The holidays can be a tough time after divorce and it’s easy to develop a victim mentality and to feel blue – especially if you’re not able to spend holidays with your children or family.
Truth be told, a divorce can shake your foundation and make you question your own judgment.
You might find yourself second-guessing yourself and feeling sad over the holidays if you’re recently divorced or separated from your children, even for a short period of time.
The trauma of going through a divorce can change your perceptions and can alter your feelings about relationships and expectations for your future. No one gets married with the intention of getting a divorce so you might find yourself ruminating about what went wrong.
Now in the midst of a breakup, your brain is being rewired and reconnecting with the world in new ways. How you choose to do this is up to you. It’s an exciting time with all sorts of possibilities.
There are a lot of feelings and emotions that come with divorce – anger, betrayal, despair, guilt, rejection, uselessness, fear, elation – and they all go with the territory. You may feel confused as you establish your new identity and move on to develop new relationships.
However, you can gain some control over your emotions by challenging self-defeating thoughts and substituting negative ones with positive ones. The world as you have come to know and experience it is suddenly turned upside down and it’s important to focus on positive things and let go of the negative thoughts that keep you from enjoying life.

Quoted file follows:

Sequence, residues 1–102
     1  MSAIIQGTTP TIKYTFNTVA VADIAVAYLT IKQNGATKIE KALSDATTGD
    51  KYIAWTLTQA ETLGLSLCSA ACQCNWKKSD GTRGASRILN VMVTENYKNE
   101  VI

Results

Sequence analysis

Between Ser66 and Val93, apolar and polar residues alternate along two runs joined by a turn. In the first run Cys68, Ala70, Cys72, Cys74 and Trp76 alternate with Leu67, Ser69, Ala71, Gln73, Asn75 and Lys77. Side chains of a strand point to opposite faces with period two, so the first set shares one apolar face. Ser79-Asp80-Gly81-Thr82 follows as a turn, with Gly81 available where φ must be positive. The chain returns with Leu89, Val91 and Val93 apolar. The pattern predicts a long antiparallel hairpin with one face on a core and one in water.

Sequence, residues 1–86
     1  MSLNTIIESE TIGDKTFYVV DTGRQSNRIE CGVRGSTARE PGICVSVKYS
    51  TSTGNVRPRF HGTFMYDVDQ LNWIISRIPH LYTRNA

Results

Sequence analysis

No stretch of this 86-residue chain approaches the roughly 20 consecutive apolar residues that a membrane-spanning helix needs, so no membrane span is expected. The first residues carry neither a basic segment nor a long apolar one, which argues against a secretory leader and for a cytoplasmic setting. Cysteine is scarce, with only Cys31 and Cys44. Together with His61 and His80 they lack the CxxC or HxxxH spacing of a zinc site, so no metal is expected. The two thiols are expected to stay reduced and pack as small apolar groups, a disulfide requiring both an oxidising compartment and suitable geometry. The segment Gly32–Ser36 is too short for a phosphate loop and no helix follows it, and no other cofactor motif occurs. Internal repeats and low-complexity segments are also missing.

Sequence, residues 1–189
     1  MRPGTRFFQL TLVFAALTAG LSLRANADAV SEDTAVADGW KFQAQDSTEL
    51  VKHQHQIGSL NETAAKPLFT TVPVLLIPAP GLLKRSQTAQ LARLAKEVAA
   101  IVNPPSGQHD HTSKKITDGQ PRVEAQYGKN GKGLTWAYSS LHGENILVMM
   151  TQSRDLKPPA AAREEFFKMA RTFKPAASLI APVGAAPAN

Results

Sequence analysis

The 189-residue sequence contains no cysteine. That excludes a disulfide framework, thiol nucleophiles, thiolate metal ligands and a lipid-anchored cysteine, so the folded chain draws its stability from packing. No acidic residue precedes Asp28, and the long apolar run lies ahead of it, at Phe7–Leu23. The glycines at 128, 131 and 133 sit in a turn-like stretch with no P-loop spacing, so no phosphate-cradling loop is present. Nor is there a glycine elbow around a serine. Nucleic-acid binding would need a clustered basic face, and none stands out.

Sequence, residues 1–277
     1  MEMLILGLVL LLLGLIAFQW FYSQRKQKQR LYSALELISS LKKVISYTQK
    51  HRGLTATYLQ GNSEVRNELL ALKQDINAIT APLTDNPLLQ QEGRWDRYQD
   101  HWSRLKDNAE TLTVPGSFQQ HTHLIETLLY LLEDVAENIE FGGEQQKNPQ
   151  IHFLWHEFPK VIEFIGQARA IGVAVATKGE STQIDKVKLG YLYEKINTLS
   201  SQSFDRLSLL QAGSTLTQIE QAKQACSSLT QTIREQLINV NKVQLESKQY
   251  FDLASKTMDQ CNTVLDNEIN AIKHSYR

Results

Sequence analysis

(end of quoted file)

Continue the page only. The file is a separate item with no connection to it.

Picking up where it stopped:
It might be a good idea to seek out a therapist or support group if you need assistance in doing this.
Put the “Happy” Back Into the Holidays After Divorce
Knowing that you’re not alone and that many divorced people struggle over the holidays can bring you peace during times of turmoil. Also, practice self-compassion which means being good to yourself. Take a little longer in the shower or buy yourself a fresh cup of coffee or tea at your favorite café a couple of times a week!
Erik, 52, and a newly divorced dad with two teenage boys who rotate holidays between their parent’s homes reflect: “Sure I miss my boys when they don’t spend Christmas with me, but I try to remember that it will get easier as they get older. They love their mom and they need their time with her too.”
- Don’t play the role of victim and accept it will get easier over time. Further, you can control your reactions to loss by substituting positive self-talk for negative. For instance, rather than telling yourself that life has dealt you a bad hand you can tell yourself “I am getting better at coping with my loss every day and can face the challenges that come my way.”
- Explore new traditions over the holidays for yourself. For instance, volunteer at a soup kitchen, visit a friend who you have not seen for a while, cook a special meal, go to the gym, or binge watch your favorite holiday movies.
- Develop a positive mindset and attitude about the holidays. Remember that spending time with your family and friends doing fun activities can be rewarding during the holiday season. Go to the movies, take a walk, or enjoy a steaming cup of hot cocoa by yourself or with a friend.
- Remember to laugh. Laughter is one of the best ways to change a negative mood to a positive one. Take time out of every day to de-stress by doing things that you all enjoy – listen to music, work on a puzzle, or participate in other fun activities.
The holiday season doesn’t have to be a time of stress overload. Most of all, remember to keep the focus on what is most important – giving back to those who have supported you and healing from your divorce. In fact, your heartbreaks can teach you many things. As you accept your losses, you will be better able to face being alone and to make it another meaningful chapter in my life.
Terry’s book, Daughters of Divorce: Overcome the Legacy of Your Parents’ Breakup and Enjoy a Happy, Long-Lasting Relationship, is available on her website. Her forthcoming book, The Remarriage Manual: How to Make Everything Work Better the Second Time Around, will be published by Sounds True in February of 2020. Follow Terry Gaspard on Twitter, Facebook, and www.movingpastdivorce.com